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Archive for January, 2008

The Contemporary Jewish Museum

Jewish Museum Extension

Designed by Daniel Libeskind in collaboration with WRNS Architects, the extension of Contemporary Jewish Museum is so contrast. They make the connection between the old and the new by applying symbolic Hebrew letters, don’t ask!. Located in San Francisco, the museum expected to be open on June 8, 2008.

“The new building is based on the unprecedented spaces created by the Chai: the Chet which provides an overall continuity for the core exhibition and the Yud, located on the pedestrian connector which gives a new identity to the power station. Together, these letters and their meaning constitute a special emblem for the ongoing development of the Yerba Buena area.” Daniel Libeskind

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Herringbone ‘Timber Facade’ Houses in London

Herringbone Houses by Alison Brooks Architects

Designed by Alison Brooks Architects for Lyford Investments, the Herringbone Houses located in Wandsworth, south London. These houses uniquely applying timber facade using prefabricated timber cladding.

The two houses, in Wandsworth, south London, get their name from their herringbone-pattern timber cladding.

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Nordpark Cable Railway in Austria

Nordpark Cable Railway

Designed by the 2004 Pritzker winner, Zaha Hadid, the Nordpark Cable Railway comprised of four station (Congress Station, Loewenhaus Station, Alpenzoo Station, and Hungerburg Station) with its unique design related to each site. I like the streamlined design, which is achieved by Zaha Hadid Archietecs by adopting special design technologies developed for automotive industry.

“Each station has its own unique context, topography, altitude, and circulation. We studied natural phenomena such as glacial moraines and ice movements – as we wanted each station to use the fluid language of natural ice formations, like a frozen stream on the mountainside.” Zaha Hadid

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Jubilee Church in Rome

Jubilee Church

Designed by Richard Meier, the Jubilee Church located in Rome and serving more than 8,000 residents. As a church and community center, the Jubilee was designed with modern formalism in mind but still adopts historical integrity in order to revitalize the decaying residential fabric.

The perceptual volume of the church is directly influenced by natural light since the zenith light and the glazed skylights between the successive shells are continually responsive to the changing pattern of light and shadow as the sun moves across its trajectory. According to the season, the weather, and the time of day, light is variously graduated down the inner surface of the shells thereby imparting to the church, the chapel and the baptismal fount a particular character, making it a perfect canidate for postcards printed with some Shutterfly coupons to look back on in the future.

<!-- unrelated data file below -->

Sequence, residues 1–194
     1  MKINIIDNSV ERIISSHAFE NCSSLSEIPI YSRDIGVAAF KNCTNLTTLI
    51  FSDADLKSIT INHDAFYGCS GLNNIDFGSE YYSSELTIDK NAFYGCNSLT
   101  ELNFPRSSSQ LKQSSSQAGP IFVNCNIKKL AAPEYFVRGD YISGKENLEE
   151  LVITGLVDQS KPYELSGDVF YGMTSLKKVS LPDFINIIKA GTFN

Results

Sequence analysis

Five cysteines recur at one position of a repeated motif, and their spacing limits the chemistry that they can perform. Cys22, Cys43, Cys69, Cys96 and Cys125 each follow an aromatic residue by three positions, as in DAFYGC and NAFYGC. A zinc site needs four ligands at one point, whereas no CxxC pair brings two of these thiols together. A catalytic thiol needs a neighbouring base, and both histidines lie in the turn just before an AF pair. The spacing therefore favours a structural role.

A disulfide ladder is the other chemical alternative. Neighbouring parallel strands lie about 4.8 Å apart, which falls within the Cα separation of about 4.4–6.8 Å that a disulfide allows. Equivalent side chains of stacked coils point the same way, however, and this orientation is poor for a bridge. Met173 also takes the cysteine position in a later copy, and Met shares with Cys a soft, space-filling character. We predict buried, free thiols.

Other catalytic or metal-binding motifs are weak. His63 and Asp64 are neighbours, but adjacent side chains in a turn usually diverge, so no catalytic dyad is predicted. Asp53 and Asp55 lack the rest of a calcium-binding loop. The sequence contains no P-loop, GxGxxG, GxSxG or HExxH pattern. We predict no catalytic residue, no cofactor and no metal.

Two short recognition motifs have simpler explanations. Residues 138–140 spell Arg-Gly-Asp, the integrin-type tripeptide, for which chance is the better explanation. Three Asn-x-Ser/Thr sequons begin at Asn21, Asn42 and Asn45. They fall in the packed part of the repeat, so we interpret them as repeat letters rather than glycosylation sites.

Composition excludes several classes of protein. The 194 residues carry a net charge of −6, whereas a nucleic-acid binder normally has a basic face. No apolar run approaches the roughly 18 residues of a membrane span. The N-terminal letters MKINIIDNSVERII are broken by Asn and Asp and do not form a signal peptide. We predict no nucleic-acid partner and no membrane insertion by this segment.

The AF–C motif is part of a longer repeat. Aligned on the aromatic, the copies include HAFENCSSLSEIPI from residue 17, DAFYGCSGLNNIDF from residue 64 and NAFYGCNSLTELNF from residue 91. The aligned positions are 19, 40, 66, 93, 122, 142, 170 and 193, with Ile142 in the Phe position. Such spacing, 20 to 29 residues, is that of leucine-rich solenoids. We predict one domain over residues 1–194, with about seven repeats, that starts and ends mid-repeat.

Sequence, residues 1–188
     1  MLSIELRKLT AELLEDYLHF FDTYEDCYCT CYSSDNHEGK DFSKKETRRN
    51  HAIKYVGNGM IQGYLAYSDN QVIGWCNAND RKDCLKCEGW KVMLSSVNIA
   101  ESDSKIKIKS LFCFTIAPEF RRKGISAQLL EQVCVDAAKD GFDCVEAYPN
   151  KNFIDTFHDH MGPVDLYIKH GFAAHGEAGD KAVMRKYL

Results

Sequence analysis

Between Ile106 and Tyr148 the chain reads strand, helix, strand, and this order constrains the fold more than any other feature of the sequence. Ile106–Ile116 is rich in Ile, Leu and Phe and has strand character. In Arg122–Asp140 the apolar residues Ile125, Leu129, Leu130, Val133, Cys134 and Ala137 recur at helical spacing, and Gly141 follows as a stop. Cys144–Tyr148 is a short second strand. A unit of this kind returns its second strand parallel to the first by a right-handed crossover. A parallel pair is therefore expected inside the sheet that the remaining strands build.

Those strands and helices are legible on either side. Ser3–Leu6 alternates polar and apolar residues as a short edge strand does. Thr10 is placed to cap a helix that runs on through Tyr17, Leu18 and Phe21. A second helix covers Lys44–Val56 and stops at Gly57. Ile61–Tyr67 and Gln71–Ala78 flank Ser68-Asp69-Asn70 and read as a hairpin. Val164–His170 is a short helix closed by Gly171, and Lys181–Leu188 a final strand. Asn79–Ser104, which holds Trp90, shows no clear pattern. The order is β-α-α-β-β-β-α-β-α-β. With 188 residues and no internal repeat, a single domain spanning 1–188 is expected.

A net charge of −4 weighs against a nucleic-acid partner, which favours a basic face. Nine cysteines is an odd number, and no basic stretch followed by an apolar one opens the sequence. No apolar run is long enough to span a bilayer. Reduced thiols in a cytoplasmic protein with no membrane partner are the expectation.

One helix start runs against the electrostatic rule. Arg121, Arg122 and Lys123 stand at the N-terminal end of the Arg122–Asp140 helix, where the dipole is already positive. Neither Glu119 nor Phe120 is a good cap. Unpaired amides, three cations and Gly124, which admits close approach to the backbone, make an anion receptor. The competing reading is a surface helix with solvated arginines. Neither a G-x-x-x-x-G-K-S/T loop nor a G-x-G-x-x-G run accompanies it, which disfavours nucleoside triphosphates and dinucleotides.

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New Museum of Contemporary Art in New York

Museum of Contemporary Art in New York

Designed by Kazuyo Sejima + Ryue Nishizawa/SANAA, the New Museum of Contemporary Art has been opening in New York since 1 December 2007. The museum located at 235 Bowery and claimed as the first fine art museum ever constructed from the ground up in downtown Mahattan. The building is a nine-level structure and will host contemporary arts.

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Herman Hertzberger’s Floating Houses in the Netherlands

floating houses in the Netherlands

Two-third of Netherlands is below sea level, thats why the country protected by an ingenious system of “polders” and strong flood barriers. Now those method is mentioned as old technique or defensive against water. According to Koen Olthius from Waterstudio, the safest place to be is actually the water, so instead of building barrier we should working with water and build a floating architecture.

Via Guardian

An der Alster 1 Office Complex

An der Alster 1

Located in Hamburg, Germany, the An der Alster 1 Office Complex was designed by J. Mayer H Architects which completed in August 2007. The unique facade is mentioned as the answer to the unique context which is situated at the intersection between the Hamburg’s lively downtown and its urban landscape rich in water and mature trees.

A public park in front of the building continues the design strategy of the facade into the landscape. The ‘eyes’ in the façade and the platforms in the park form places to meet and contemplate.

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The Aldo Leopold Foundation Headquarters

The Aldo Leopold Foundation Headquarters

Claimed as the first-ever LEED-platinum carbon neutral building, The Aldo Leopold Foundation Headquarters now crowned as the greenest building ever built. Located in Fairfield, Wisconsin, the building was designed by Kubala-Washatko Architects and Boldt Construction.

“This building does things that people are dreaming about,” said Rick Fedrizzi, president of the U.S. Green Building Council. “There are people out there saying, ‘Somehow, somewhere a building will be able to do that.’ This building is doing it today.”

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